Handguards are a brilliant invention and I'm never going through a summer without them. These particular…
The Sweet Protection Arbitrator MIPS helmets is the Norwegian brand’s foray into the increasingly popular convertible helmet market.
- Brand: Sweet Protection
- Product: Arbitrator MIPS Helmet
- From: Jungle Products
- Price: £299
- Tested: by James Vincent for 4 months
Although such helmets started out as a solution primarily for enduro racers looking for maximum protection on race stages without sacrificing ventilation on the climbs, they can now be seen on trails across the land, worn by riders of all standards.
The Sweet Protection Arbitrator MIPS sits unashamedly at the burlier end of the category, being fully certified for downhill racing, and features mode specific retention mechanisms and a full MIPS liner for increased protection against rotational injuries.
It’s not short on certification either – SGS EN1078 (DH racing), ASTM1952 (European helmet) and the more stringent CPSC 1203 (US bicycle helmet). Despite all this certification, parts of the build feel a little plasticky and some of the trim looks a bit untidy right out the box.
Unlike most convertible helmets, the chin bar on the Arbitrator is a fully wraparound affair, making the helmet feel exceptionally solid when in full face mode. It’s made of pre-pregnated carbon fibre to try and keep the weight down without sacrificing strength, and is secured to the main shell with a metal clasp at the rear of the helmet, aided by two metal guide pins either side of the helmet.
One unique feature of the Arbitrator is the mode specific straps; When used as a trail helmet, the Arbitrator is secured with a regular chin strap, while in full face mode, these straps are tucked away and there’s a ratchet strap to fasten it instead as per a traditional full face. The process of tucking the other straps out the way is a little fiddly, so it’s not something to do right at the last minute before dropping into your race run – leave yourself plenty of time.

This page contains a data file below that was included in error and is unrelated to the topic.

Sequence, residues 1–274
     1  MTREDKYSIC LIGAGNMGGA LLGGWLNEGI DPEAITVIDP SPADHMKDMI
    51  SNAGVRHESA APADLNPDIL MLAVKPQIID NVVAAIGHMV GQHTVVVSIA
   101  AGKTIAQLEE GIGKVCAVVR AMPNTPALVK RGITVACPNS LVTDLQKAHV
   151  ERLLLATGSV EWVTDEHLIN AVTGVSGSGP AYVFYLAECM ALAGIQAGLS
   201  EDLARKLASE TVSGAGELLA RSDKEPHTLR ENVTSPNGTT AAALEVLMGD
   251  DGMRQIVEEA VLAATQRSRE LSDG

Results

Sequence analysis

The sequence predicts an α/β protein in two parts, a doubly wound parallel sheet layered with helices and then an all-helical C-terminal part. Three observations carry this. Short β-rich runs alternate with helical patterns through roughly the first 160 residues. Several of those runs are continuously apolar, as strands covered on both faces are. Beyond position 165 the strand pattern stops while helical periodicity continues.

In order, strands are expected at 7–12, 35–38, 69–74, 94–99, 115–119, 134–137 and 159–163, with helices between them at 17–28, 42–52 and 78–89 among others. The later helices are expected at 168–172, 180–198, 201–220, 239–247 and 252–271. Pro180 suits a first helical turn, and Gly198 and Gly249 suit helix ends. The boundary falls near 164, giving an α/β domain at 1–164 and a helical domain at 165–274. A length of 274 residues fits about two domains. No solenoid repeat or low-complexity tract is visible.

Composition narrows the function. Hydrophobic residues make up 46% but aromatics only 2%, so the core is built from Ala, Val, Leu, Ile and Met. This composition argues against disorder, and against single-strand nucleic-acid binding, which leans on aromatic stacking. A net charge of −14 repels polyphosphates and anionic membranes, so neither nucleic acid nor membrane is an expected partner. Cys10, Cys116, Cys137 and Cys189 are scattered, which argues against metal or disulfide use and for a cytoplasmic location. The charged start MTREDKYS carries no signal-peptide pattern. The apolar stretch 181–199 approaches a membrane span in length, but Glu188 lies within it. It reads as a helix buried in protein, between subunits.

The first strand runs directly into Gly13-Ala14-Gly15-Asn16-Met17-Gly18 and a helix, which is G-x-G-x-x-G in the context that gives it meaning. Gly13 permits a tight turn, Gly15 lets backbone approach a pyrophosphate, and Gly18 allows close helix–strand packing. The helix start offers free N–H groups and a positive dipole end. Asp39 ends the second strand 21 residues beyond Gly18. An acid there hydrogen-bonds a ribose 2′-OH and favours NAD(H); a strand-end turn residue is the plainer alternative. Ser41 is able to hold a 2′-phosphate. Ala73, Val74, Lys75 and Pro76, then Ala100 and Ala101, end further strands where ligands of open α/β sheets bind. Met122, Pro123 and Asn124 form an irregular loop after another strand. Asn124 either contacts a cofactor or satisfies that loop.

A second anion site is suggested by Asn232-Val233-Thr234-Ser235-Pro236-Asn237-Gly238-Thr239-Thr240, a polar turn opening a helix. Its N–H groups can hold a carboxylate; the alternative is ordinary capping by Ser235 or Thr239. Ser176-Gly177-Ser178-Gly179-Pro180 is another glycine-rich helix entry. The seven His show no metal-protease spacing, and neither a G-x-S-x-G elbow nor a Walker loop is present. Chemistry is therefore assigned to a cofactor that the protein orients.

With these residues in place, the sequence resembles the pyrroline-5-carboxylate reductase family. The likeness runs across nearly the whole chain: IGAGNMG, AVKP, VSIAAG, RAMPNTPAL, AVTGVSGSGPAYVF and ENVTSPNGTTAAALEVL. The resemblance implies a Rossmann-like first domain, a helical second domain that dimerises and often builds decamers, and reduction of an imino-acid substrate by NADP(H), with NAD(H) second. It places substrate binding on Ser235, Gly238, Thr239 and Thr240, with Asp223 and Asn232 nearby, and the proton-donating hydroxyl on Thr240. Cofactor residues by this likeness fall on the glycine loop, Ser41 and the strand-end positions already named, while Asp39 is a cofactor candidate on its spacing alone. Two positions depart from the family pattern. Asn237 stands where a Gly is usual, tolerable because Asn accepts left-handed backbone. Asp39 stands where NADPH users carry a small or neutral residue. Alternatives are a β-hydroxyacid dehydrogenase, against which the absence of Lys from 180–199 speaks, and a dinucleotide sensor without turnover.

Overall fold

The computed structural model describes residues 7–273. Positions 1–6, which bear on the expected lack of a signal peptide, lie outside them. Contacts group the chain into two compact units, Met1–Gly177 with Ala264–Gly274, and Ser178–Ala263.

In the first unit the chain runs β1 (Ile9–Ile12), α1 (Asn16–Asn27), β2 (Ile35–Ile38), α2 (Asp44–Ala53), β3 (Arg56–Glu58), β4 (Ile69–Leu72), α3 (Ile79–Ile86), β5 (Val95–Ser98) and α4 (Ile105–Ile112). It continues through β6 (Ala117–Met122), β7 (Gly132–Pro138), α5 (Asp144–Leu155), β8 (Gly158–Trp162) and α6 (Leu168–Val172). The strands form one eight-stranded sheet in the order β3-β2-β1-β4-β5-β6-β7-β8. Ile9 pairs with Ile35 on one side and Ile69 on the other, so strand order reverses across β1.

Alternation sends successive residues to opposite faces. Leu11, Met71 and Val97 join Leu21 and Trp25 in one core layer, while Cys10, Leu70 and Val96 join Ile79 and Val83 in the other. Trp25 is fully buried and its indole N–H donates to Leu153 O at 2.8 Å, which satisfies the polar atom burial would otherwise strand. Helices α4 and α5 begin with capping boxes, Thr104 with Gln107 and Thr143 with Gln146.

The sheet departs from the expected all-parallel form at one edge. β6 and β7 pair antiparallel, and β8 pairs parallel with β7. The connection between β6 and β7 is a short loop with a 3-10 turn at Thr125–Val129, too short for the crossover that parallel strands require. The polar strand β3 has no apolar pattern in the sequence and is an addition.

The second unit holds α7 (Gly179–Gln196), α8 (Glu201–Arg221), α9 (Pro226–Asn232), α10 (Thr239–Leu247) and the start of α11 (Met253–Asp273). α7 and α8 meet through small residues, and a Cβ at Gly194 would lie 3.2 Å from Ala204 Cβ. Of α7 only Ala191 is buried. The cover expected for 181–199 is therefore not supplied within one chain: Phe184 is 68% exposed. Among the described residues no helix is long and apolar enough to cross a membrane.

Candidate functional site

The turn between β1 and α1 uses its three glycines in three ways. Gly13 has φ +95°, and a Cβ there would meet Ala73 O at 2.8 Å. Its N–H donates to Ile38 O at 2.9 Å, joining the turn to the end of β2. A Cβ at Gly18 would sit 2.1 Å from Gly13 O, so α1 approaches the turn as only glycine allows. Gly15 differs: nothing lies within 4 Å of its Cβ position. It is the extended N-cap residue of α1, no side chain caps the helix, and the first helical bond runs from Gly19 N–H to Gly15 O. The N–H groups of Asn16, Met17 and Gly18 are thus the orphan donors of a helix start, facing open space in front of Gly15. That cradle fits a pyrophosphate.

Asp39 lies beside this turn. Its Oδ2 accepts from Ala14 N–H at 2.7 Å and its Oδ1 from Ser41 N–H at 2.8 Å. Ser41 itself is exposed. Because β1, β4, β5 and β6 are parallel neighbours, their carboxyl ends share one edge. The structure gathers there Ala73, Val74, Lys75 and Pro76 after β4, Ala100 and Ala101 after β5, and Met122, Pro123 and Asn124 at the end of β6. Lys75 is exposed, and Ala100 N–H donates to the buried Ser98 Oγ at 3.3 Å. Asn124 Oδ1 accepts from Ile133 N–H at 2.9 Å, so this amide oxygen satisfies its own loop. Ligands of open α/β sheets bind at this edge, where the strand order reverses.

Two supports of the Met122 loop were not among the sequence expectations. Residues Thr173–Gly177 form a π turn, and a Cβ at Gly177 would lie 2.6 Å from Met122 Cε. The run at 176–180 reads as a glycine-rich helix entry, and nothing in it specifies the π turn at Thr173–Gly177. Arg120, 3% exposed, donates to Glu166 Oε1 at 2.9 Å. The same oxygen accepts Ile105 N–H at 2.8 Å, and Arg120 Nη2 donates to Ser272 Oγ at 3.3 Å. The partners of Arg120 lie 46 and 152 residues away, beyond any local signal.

The chin bar itself is very bulky, and while this no doubt adds to the overall very solid feel of the helmet in full face mode, it does make it very awkward to carry the extra piece in your pack.
As a full-face helmet, the fit is nice and secure, and the dedicated ratchet strap really makes it feel like a regular full-face – it doesn’t feel compromised in any way at all. It’s a bit of a squeeze to get over my ears, but once on it’s very comfortable.
Sadly, as a trail helmet, the Arbitrator isn’t quite as good. It’s on the heavier end of the spectrum coming in at 550g without the chin bar, and you can really feel this weight when riding. The Arbitrator also sits quite high on my head, with the Occigrip retention cradle at the back of the helmet feeling less effective than other helmets retention systems.
It’s not the best ventilated helmet either, with a reduced number of vents on the top of the helmet. Sweet Protection claims it’s got “Digitally Optimised Ventilation” (optimised for fingers?), but I can’t help but feel as though it just needs more vents. This extra warmth is great if you’re uplifting in a miserable UK winter, but not so great when faced with a punchy climb mid stage in the height of summer.
Also, and this is admittedly pretty niche, but due to the lack of vents I’ve been unable to attach a light to it for night riding. Not a deal breaker, but something to consider if you’re looking for one helmet to rule them all.
Lastly, I’ve found the Arbitrator is a little awkward with certain glasses. Yes, yes, I know the MTB fashionistas dictate that we shouldn’t be wearing full-face helmets with glasses, but it’s the attachment points for the straps to the main helmet that cause a problem so it’s an issue when in trail mode too.
To sum up, the Sweet Protection Arbitrator MIPS is a fantastic full-face helmet, but an overly compromised half-shell. If you need a full-face helmet 90% of the time, then by all means go for it, otherwise there are cheaper, lighter and better ventilated options out there.
|Product:||Arbitrator MIPS Helmet|
|Tested:||by James Vincent for 4 months|